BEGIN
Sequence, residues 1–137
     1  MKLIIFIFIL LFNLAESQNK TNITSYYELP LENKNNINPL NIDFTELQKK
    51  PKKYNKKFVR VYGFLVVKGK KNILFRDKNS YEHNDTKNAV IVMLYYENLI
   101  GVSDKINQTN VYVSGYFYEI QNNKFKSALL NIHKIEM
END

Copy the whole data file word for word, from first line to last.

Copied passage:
Sequence, residues 1–137
     1  MKLIIFIFIL LFNLAESQNK TNITSYYELP LENKNNINPL NIDFTELQKK
    51  PKKYNKKFVR VYGFLVVKGK KNILFRDKNS YEHNDTKNAV IVMLYYENLI
   101  GVSDKINQTN VYVSGYFYEI QNNKFKSALL NIHKIEM